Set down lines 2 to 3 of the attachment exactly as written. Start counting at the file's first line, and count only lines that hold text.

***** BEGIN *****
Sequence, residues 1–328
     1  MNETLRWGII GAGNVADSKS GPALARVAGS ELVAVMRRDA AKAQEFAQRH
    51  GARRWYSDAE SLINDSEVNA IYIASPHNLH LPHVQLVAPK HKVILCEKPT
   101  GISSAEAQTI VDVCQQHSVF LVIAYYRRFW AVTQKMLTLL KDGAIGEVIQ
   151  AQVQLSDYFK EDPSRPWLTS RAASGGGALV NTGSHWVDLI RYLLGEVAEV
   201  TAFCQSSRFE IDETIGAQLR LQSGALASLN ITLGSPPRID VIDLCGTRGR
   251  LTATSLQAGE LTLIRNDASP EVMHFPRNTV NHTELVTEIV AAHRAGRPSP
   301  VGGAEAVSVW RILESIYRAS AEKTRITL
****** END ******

     1  MNETLRWGII GAGNVADSKS GPALARVAGS ELVAVMRRDA AKAQEFAQRH
    51  GARRWYSDAE SLINDSEVNA IYIASPHNLH LPHVQLVAPK HKVILCEKPT